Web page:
Background: Patients with cancer have an increased risk of venous thromboembolism (VTE) and it is commonly detected incidentally. The outcomes and optimal management for patients with cancer and incidental VTE remain debated. Objectives: We conducted a systematic review and meta-analysis to evaluate the outcomes in patients with cancer and incidentally detected VTE compared to those with symptomatic events. Patients/Methods: We searched the electronic databases and included randomized controlled trials (RCTs) and observational studies reporting recurrent VTE, major bleeding events, and mortality in patients with cancer and incidental VTE compared to symptomatic VTE. Results: We included 23 studies for the systematic review: 3 RCTs and 20 observational studies. The meta-analysis of the 3 RCTs showed a significantly lower rate of VTE recurrence at 6 months in patients with incidental VTE compared to those with symptomatic VTE (relative risk [RR] 0.62, 95% confidence interval [CI] 0.44–0.87). The risk of major bleeding events at 6 months was numerically higher with incidental VTE compared to symptomatic VTE (RR 1.47, 95% CI 0.99–2.20). There was no difference in overall mortality. Conclusions: Among patients with cancer, incidental VTE was associated with a lower rate of VTE recurrence compared to symptomatic VTE, with a trend in increased major bleeding events. The risk-benefit ratio of anticoagulation may differ between incidental and symptomatic events and should be considered in patient management.

Outcomes among patients with cancer and incidental or symptomatic venous thromboembolism: A systematic review and meta-analysis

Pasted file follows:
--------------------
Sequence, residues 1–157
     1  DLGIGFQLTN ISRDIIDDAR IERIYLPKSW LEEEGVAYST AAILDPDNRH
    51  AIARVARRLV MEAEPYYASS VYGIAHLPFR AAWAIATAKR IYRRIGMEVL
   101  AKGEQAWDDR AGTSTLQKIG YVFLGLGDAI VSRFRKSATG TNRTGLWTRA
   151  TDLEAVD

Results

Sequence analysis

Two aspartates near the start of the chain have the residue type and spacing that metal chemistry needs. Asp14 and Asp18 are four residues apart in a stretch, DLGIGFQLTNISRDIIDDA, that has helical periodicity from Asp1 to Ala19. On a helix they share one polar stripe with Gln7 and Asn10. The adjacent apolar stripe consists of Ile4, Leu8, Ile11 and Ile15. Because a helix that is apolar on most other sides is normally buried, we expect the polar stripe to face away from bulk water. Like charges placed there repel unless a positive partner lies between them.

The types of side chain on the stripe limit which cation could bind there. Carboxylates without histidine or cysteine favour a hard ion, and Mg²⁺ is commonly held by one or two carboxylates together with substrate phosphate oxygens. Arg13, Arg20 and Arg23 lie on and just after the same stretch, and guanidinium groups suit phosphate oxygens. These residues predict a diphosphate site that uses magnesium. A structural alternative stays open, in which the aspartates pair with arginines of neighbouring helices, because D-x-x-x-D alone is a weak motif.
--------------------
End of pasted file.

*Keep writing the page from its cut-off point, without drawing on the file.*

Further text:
Caiano L.;Ageno W.;
2021-01-01

Abstract

Background: Patients with cancer have an increased risk of venous thromboembolism (VTE) and it is commonly detected incidentally. The outcomes and optimal management for patients with cancer and incidental VTE remain debated. Objectives: We conducted a systematic review and meta-analysis to evaluate the outcomes in patients with cancer and incidentally detected VTE compared to those with symptomatic events. Patients/Methods: We searched the electronic databases and included randomized controlled trials (RCTs) and observational studies reporting recurrent VTE, major bleeding events, and mortality in patients with cancer and incidental VTE compared to symptomatic VTE. Results: We included 23 studies for the systematic review: 3 RCTs and 20 observational studies. The meta-analysis of the 3 RCTs showed a significantly lower rate of VTE recurrence at 6 months in patients with incidental VTE compared to those with symptomatic VTE (relative risk [RR] 0.62, 95% confidence interval [CI] 0.44–0.87). The risk of major bleeding events at 6 months was numerically higher with incidental VTE compared to symptomatic VTE (RR 1.47, 95% CI 0.99–2.20). There was no difference in overall mortality. Conclusions: Among patients with cancer, incidental VTE was associated with a lower rate of VTE recurrence compared to symptomatic VTE, with a trend in increased major bleeding events. The risk-benefit ratio of anticoagulation may differ between incidental and symptomatic events and should be considered in patient management.
2021
hemorrhage; incidental; neoplasia; systematic review; venous thromboembolism
Caiano, L.; Carrier, M.; Marshall, A.; Young, A. M.; Ageno, W.; Delluc, A.; Wang, T. -F.
File in questo prodotto:
Non ci sono file associati a questo prodotto.

I documenti in IRIS sono protetti da copyright e tutti i diritti sono riservati, salvo diversa indicazione.

Utilizza questo identificativo per citare o creare un link a questo documento: https://hdl.handle.net/11383/2132566
 Attenzione

L'Ateneo sottopone a validazione solo i file PDF allegati

Citazioni
  • ???jsp.display-item.citation.pmc??? ND
  • Scopus 20
  • ???jsp.display-item.citation.isi??? 19
social impact